SpicyIP Weekly Review (April 29-May 5)

Topical Highlight

Prarthana wrote a post on the imposition of a staggering Rs. 5 crore in costs in Nippon Steel & Sumitomo Metal Corporation v Kishor D Jain. The case concerned the sale of low-quality pipes to a customer intending to use the same in oil plants. This constituted trademark infringement because the pipes were improperly branded with Nippon Steel’s labels. Justice Kathawalla thought it necessary to impose such extraordinary damages because of the use of low-grade material in an oil plant may result in disasters of great magnitude, and hence must be deterred.

Thematic Highlight

I wrote a post examining Section 84 of the Trade Marks Act 1999, discussing whether it is possible to carve out an exception to the quorum requirements of the IPAB on the basis of the Chairman’s authority. I argue that a plain interpretation would not allow for such an exception, but highlight that the ambiguities in the provision may result in alternate interpretations as well.

Other Posts

Pankhuri informed us of scholarships available for Indian students pursuing an LL.M. or M.Jur. Program at Texas A&M University, which cover 50% of the tuition fees.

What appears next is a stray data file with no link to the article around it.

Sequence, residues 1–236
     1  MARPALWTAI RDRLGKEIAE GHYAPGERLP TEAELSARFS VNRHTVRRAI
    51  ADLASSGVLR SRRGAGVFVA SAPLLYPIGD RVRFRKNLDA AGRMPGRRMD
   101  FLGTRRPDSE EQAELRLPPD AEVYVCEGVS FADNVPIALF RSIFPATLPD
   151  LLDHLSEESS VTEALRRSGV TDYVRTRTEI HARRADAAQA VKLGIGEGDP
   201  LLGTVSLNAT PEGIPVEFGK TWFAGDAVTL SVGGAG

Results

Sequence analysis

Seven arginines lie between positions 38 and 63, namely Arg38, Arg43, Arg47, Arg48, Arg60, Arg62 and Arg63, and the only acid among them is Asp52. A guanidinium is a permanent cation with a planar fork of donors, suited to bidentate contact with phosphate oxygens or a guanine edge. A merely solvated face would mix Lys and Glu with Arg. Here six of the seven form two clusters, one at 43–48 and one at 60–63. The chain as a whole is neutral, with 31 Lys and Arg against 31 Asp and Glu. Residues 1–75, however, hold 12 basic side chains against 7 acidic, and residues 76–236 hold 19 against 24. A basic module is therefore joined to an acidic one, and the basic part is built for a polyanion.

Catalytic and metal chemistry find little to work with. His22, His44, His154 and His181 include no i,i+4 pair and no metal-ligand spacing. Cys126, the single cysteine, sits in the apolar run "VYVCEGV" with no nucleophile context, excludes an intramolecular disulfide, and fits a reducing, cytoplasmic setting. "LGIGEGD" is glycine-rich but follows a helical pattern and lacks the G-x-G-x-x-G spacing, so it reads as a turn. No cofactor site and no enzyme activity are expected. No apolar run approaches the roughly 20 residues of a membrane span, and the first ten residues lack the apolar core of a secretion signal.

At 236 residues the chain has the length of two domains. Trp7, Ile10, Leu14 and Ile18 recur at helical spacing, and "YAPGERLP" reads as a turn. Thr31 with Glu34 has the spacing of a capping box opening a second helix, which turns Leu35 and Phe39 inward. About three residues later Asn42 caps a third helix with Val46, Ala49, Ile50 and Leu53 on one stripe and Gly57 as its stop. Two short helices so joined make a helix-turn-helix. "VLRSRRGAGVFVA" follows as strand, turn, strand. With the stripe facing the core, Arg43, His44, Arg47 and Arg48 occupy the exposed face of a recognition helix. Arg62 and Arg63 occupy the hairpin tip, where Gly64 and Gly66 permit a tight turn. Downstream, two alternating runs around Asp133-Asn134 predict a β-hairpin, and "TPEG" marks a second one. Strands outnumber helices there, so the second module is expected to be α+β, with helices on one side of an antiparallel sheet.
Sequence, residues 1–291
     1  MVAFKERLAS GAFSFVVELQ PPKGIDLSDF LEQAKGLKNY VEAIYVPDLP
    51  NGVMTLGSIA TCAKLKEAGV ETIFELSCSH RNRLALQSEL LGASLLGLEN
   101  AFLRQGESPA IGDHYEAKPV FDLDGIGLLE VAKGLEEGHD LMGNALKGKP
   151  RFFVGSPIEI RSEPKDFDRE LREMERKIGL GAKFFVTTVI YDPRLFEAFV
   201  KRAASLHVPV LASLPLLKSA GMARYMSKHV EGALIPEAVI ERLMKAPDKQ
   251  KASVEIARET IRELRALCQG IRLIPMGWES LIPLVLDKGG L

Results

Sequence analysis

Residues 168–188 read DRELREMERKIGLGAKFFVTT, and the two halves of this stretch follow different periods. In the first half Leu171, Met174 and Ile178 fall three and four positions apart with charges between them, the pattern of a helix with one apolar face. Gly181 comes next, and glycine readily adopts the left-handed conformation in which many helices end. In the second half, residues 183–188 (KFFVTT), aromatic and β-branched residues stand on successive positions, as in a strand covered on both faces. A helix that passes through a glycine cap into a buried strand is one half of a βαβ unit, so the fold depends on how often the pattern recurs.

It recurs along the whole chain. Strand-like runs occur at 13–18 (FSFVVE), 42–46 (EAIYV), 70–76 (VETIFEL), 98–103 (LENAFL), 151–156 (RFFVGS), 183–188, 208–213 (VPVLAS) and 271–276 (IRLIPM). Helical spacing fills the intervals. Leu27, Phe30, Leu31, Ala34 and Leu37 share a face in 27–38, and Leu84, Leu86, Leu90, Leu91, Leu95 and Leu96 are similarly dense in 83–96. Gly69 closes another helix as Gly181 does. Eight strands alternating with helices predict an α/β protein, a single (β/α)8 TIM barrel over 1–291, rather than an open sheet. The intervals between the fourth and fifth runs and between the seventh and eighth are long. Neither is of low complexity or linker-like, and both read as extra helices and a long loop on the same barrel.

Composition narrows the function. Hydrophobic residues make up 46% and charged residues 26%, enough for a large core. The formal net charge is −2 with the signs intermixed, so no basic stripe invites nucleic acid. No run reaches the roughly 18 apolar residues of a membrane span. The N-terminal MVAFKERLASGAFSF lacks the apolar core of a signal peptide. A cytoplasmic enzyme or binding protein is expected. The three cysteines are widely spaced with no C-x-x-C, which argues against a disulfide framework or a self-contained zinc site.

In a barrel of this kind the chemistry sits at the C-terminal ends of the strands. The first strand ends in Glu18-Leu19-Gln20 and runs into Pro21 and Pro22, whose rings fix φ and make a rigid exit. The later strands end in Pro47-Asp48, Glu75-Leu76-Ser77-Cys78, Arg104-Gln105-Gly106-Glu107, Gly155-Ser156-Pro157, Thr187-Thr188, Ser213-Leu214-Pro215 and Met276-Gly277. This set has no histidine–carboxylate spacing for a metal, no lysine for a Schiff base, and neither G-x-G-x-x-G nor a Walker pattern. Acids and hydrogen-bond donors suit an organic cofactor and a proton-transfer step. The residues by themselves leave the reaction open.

I covered the Delhi High Court’s issuance of notice to the Department of Industrial Policy and Promotion, which demanded the submission of a status report on the filling of vacancies in the IPAB. The status report submitted to DIPP revealed that advertisements to fill the posts of Technical Members for the Copyright and Trademarks side (2 members each) and Patents side (1 member) had been issued on July 25, 2018, and the DIPP is currently in the process of interviewing candidates that have applied and shall complete appointments within 3 months. The Delhi High Court fixed the matter for May 24, 2019, for progress updates.

SpicyIP Events

Pankhuri informed us of the International Conference on Intellectual Property and Development, on the topic ‘How to Benefit from the IP System’, to be held in Geneva on May 20, 2019, at the WIPO Conference Hall.

Pankhuri also informed us of the Inter-University Centre for Intellectual Property Rights Studies (IUCIPRS), CUSAT’s empirical study orientation programme on Research Methods in IPRs on June 29, 2019. The deadline for submission of application forms is May 25, 2019.

Other Developments



Anil Verma v. R.K. Jewellers SK Group and Others – Delhi High Court [April 25, 2019]